KELLER'S TAKE KELLER’S TAKE (w/Reader Poll): WWE owes fans of Daniel Bryan better resolution to his quest to regain WWE Title he won clean from John Cena at SSlam and never lost under fair circumstances
Nov 6, 2013 - 4:47:00 PM
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By Wade Keller, Torch editor
I believe pro wrestling as an entertainment genre is at its strongest and most entertaining (and therefore most profitable) when the product makes sense to viewers and seems as realistic is as possible with minimal tradeoffs for that realism.
Obviously, if wrestlers punched each other for real, the product would be more real, but the tradeoff would be a bunch of swollen faces and injured (ugly) wrestlers. Wrestling would be “more real” if everyone used their real names, I suppose, but what’s the point of that? Stage names are common in rock music and Hollywood, so there’s no harm there. Wrestling would be “more real” if everyone did “shoot-style promos” about “their push” and “backstage polities,” but really, who wants to listen to people bitching about office politics; people get enough of that during the day at their jobs. (Yes, Punk’s Summer 2011 promo is highly regarded, but it only worked because it was the exception to the rule, and an argument can be made he boosted himself at the expense of everyone else “playing by the rules” that are necessary to sustain a storyline-driven weekly TV series.)
There are plenty of ways, though, to make wrestling seem “more real” (i.e. more like it would be if what we were watching was a real sport where the toughest, most skilled, most deserving competitors rose to the top, and where wins and losses dictated who moved up or down the rankings; UFC isn’t perfect in this regard, but it is a model for WWE to follow in terms of the sport that, at its core, it’s more emulating or simulating.)
One of the vital, non-negotiable core aspects of pro wrestling working is wrestlers selling. When they are slammed or suplexed or twisted or punched, they sell. They don’t sell because they think viewers think they are really hurt and that pro wrestling is real. They sell because it makes the simulated fights more enjoyable because you can suspend your disbelief more easily the more the wrestlers make their staged fights look real. It’s the same reason Hollywood movie studios spend top dollar to make special effects more realistic. They don’t do it because people see a Spiderman movie and actually believe Spiderman is real and he can climb buildings. But Hollywood knows the more realistic they make it, the more immersive an experience it is for viewers looking for a fantasy world to escape to for two hours.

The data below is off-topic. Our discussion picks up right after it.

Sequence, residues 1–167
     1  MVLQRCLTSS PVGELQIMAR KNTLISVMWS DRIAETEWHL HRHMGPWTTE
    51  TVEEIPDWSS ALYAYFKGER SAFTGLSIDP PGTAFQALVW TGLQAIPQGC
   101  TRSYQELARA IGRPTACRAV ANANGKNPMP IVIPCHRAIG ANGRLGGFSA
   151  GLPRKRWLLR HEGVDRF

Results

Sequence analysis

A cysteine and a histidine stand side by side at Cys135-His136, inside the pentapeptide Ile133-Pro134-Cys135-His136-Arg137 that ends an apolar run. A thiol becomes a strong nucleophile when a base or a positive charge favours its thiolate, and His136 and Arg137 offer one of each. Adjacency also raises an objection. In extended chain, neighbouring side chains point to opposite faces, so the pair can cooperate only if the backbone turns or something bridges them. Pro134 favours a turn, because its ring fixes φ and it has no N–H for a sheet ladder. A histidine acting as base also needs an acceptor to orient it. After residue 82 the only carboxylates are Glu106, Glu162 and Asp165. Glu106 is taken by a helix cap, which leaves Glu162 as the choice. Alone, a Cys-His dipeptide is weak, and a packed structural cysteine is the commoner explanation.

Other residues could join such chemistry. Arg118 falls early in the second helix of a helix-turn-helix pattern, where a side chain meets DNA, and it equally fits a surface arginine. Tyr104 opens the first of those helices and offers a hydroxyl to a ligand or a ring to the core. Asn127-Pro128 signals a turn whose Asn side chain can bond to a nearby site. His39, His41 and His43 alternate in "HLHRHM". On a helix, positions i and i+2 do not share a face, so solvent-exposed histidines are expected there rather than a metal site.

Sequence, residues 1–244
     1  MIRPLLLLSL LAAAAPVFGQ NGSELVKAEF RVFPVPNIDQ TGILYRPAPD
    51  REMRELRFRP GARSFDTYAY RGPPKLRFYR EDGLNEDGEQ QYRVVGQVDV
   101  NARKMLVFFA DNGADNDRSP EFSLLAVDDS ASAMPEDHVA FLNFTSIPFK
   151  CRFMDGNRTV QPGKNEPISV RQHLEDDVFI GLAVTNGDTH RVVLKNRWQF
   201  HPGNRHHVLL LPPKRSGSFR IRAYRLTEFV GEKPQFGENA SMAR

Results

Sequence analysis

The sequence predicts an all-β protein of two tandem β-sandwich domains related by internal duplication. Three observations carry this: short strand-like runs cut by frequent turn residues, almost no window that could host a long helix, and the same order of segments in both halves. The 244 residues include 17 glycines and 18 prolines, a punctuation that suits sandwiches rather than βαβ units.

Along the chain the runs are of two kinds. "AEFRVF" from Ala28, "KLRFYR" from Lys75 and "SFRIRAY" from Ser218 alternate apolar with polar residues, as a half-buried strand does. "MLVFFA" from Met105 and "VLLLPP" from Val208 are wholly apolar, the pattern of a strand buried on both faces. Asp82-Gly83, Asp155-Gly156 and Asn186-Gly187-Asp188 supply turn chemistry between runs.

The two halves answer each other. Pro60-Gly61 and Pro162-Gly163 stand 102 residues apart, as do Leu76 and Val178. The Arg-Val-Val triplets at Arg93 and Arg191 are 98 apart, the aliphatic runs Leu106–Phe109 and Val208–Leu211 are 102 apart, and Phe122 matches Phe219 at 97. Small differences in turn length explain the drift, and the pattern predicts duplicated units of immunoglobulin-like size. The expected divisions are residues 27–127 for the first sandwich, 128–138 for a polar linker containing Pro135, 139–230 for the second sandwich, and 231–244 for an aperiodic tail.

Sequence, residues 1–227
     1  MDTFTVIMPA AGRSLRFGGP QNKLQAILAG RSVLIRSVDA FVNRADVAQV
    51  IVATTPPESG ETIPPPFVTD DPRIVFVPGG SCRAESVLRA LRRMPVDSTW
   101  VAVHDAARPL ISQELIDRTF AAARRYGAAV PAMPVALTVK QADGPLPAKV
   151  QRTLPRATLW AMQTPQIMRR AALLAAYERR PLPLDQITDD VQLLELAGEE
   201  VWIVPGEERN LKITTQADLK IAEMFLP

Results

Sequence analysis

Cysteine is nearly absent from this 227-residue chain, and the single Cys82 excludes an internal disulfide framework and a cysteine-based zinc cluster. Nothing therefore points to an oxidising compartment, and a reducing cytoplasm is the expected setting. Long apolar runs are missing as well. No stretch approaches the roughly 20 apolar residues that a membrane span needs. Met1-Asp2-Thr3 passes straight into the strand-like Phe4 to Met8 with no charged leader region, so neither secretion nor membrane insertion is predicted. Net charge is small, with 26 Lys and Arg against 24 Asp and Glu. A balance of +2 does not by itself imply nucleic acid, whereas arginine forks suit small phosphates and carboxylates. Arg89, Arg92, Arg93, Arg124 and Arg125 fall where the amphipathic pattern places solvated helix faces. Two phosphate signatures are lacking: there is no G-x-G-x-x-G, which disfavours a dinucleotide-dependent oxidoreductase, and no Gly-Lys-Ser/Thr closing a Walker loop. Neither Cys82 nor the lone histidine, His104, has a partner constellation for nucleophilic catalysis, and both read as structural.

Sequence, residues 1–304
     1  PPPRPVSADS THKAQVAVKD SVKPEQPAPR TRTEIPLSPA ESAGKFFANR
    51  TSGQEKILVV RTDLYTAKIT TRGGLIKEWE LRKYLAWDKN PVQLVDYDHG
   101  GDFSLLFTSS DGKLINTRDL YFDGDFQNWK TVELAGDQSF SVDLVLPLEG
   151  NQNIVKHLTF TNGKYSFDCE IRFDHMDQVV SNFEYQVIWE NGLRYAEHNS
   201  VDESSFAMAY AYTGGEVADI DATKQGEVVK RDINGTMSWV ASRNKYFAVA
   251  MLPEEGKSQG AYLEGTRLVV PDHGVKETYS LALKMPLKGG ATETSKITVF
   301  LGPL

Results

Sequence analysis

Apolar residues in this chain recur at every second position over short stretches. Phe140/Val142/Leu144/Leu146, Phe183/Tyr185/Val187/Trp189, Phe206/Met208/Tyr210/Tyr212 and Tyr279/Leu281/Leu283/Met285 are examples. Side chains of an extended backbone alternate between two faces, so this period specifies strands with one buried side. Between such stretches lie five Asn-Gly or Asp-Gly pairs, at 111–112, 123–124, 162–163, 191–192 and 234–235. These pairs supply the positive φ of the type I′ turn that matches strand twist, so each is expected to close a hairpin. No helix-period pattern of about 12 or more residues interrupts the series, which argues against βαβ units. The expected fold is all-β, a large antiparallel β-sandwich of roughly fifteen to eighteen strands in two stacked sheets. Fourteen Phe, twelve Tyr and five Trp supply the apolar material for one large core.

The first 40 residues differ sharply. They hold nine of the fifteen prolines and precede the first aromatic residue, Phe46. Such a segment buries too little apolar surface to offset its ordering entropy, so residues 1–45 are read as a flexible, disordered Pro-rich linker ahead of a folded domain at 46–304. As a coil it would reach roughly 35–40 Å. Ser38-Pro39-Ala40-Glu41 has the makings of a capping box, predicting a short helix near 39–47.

Wrestlers work really hard to make their matches as realistic as possible without taking away from the dramatic amazing highspots and fast-paced action that pro wrestling can guarantee that UFC cannot. It would be nice, as a courtesy to the wrestlers if for no other reason, to make the booking as realistic as possible also. We could list more than a dozen glaring logic holes that WWE’s creative team - led by Vince McMahon and heavily steered and overseen by Triple H - carelessly, unprofessionally, lazily let slip through in this seemingly make-it-up-as-they-go Big Show-Triple H/Stephanie McMahon storylines. One of the biggest violations of any dedication to creating a realistic sports-like environment within the boundaries of the WWE Universe is Daniel Bryan’s title quest.
Bryan beat John Cena clean at SummerSlam to win the WWE Championship. Since then Bryan pinned Orton at Night of Champions (but was stripped the next day due a false accusation he conspired to cheat with the referee), Bryan fought Orton to a no contest when Big Show walked out and KO’d Bryan and then Orton, and Bryan got pinned by Orton after referee Shawn Michaels superkicked Bryan.
Bryan, by any reasonable assessment, deserves a title shot at some point before Survivor Series. Big Show, the least sympathetic babyface character I can remember (he’s selfishly interfered in WWE Title matches, punched innocent people including a 67 year old Dusty Rhodes, cried over and over when confronted with his fiscal irresponsibility, and only grew a set after he had a lawyer on his side throwing around threats of a lawsuit), leveraged his way into what should be Bryan’s title shot.
I get that Bryan has had four PPV title shots in a row, but since he was screwed in each of them and has yet to lose in any credible way to Orton, WWE cannot just pretend that Bryan is no longer the top contender and move him to another feud. They need Bryan to address this matter. Every Bryan fan watched Raw this week and was thinking that he was getting screwed over by being ousted from the World Title shot at Survivor Series because Big Show hired a good lawyer and, without beating anybody in a contendership match, leveraged his way to a title shot.